Riot at Waterville youth corrections facility under investigation
Union questions security procedures at Nova Scotia Youth Facility
An investigation is underway into a violent incident at the youth correctional facility in Waterville, N.S.
Four youth workers were injured and sent to hospital after violence broke out Sunday night, said Nova Scotia RCMP, which was called in to handle the situation at the Nova Scotia Youth Facility.
'First time in over 30 years'
An 18-year-old man faces two counts of assault while carrying a weapon and one charge of taking part in a riot. A 19-year-old man is charged with taking part in a riot and damaging property. Two 17-year-old males were also arrested but not charged.
"This is the first time in over 30 years that there's been an incident like that at Waterville," Nova Scotia Justice Minister Diana Whalen said at the legislature Thursday.
The head of the union that represents the youth workers questions some of the security procedures at the facility.
The workers sustained "very serious injuries," said Jason MacLean, president of the Nova Scotia Government and General Employees Union.
The attack occurred during shift change after an offender asked to go to the washroom, MacLean said. When the person left the cell, the others hit a button in their cells known as "gang open," he said.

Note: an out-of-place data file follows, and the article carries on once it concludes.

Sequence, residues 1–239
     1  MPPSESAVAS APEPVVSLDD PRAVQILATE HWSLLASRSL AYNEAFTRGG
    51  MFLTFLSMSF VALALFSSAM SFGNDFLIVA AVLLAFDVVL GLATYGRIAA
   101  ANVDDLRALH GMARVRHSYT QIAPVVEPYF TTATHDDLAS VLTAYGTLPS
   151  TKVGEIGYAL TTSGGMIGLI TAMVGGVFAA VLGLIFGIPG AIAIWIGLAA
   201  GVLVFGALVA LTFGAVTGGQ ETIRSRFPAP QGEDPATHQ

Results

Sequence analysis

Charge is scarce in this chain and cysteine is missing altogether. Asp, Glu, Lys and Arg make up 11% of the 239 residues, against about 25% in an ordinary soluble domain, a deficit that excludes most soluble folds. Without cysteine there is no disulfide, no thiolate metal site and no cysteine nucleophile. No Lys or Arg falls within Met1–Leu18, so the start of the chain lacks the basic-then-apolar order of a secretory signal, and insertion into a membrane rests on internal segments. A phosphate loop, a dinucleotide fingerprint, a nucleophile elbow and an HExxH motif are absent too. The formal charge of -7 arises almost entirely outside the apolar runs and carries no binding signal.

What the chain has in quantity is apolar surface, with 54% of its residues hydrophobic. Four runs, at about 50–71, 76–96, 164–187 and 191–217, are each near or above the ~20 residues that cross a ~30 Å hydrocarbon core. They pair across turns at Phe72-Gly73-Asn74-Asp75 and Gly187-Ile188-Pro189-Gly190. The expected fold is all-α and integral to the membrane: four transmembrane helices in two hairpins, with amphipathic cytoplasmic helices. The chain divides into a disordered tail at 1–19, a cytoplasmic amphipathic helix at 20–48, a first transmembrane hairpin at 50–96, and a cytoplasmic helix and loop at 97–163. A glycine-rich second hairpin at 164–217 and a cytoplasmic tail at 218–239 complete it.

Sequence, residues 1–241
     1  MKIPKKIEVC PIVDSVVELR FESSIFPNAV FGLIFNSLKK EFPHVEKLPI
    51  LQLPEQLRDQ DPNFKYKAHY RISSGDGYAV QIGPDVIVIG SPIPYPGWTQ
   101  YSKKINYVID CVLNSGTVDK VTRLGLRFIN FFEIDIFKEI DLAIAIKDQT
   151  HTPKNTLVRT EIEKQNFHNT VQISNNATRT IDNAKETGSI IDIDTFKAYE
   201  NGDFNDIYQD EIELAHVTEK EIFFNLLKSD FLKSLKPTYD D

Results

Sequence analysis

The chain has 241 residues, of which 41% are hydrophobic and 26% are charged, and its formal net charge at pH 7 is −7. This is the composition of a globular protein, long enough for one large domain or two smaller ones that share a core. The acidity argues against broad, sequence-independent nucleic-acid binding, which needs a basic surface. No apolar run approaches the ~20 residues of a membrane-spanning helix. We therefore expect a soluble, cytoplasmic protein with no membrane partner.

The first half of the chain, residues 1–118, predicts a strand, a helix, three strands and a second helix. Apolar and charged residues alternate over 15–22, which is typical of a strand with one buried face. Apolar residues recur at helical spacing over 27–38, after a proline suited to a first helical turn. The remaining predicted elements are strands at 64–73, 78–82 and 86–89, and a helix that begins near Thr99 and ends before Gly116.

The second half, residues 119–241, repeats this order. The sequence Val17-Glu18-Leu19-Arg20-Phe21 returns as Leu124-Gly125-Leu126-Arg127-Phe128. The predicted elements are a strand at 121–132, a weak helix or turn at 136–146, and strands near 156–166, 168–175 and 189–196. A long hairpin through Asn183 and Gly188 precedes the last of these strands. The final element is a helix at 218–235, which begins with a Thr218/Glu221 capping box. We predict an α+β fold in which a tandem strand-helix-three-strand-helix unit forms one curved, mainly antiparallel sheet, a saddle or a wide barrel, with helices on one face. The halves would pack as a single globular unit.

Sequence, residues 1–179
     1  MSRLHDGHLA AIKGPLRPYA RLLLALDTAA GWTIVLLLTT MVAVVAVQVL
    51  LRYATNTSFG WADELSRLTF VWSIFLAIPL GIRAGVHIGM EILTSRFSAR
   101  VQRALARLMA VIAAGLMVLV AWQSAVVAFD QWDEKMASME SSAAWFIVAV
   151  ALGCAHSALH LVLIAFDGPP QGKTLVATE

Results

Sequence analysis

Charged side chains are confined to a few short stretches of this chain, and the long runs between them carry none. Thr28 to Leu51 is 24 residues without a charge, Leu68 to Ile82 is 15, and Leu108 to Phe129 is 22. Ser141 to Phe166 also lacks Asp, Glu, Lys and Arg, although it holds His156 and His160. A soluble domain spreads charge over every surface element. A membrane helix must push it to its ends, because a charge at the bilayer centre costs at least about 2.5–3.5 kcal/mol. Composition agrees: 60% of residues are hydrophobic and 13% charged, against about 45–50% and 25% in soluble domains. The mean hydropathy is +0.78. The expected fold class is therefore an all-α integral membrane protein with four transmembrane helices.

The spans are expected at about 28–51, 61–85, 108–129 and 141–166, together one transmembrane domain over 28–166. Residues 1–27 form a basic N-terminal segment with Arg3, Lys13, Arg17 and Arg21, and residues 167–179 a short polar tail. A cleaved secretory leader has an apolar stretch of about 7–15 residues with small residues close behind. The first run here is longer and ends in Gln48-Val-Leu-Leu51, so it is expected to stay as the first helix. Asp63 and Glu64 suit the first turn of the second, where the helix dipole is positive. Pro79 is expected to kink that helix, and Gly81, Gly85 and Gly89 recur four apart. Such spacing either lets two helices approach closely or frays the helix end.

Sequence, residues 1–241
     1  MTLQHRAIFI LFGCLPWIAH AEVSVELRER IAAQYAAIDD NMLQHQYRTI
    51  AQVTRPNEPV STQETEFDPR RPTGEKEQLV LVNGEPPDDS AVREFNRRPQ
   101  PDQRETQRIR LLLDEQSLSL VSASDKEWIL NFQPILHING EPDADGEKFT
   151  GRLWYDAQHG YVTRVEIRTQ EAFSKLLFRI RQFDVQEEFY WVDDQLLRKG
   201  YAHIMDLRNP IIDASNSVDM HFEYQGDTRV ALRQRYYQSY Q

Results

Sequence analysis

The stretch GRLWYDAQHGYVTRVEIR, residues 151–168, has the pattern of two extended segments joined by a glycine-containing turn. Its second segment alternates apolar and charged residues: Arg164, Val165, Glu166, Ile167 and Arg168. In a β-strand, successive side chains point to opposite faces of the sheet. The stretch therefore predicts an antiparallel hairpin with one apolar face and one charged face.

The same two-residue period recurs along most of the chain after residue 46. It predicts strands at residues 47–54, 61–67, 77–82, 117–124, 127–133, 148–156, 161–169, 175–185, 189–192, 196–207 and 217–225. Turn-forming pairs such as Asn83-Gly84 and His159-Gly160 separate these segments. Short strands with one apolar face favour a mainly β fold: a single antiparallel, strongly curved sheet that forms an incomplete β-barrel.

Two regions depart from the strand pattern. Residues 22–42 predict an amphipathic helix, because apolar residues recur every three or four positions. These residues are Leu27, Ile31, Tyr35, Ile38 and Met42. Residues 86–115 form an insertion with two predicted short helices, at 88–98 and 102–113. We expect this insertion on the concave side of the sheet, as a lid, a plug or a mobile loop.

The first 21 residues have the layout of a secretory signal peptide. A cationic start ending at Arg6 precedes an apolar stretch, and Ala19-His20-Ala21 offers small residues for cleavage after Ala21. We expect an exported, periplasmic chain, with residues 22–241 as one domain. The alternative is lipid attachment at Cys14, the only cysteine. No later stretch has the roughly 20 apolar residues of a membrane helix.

"All the doors opened up and they attacked staff and staff called for help," MacLean said.
MacLean, who was a corrections officer himself before taking the job as union president, said he doesn't know the purpose of the "gang open" buttons. Those buttons were removed in New Brunswick 17 years ago, he said.
"I actually was very surprised to see the gang opening was happening here," he said.
Union leaders are also concerned about adequate training and staffing levels and are arranging meetings to address those concerns.
"I don't believe that facility is treated as a correctional facility," MacLean said.
'Good level of staff'
Training will be dealt with by the investigation, Whalen said, but she was not sure the number of workers at Waterville is an issue.
The Justice Department employs 12 to 14 youth workers per 12 hour shift. In the last fiscal year, the facility had on average 29 youth in custody per day.
"[The facility] has many fewer offenders there today than when it opened 30 years ago," Whelan said.
"We have to maintain a good level of staff, even though the numbers are down."
Investigation to take six weeks
As of Thursday, 23 youth were in custody in the facility, which can accommodate 48 males and 12 females, according to numbers provided by the justice department.
In 2015, 237 youth were admitted.
The investigation is expected to take six weeks to complete.
With files from CBC's Jean Laroche and Rachel Ward, and Michael Tutton of the Canadian Press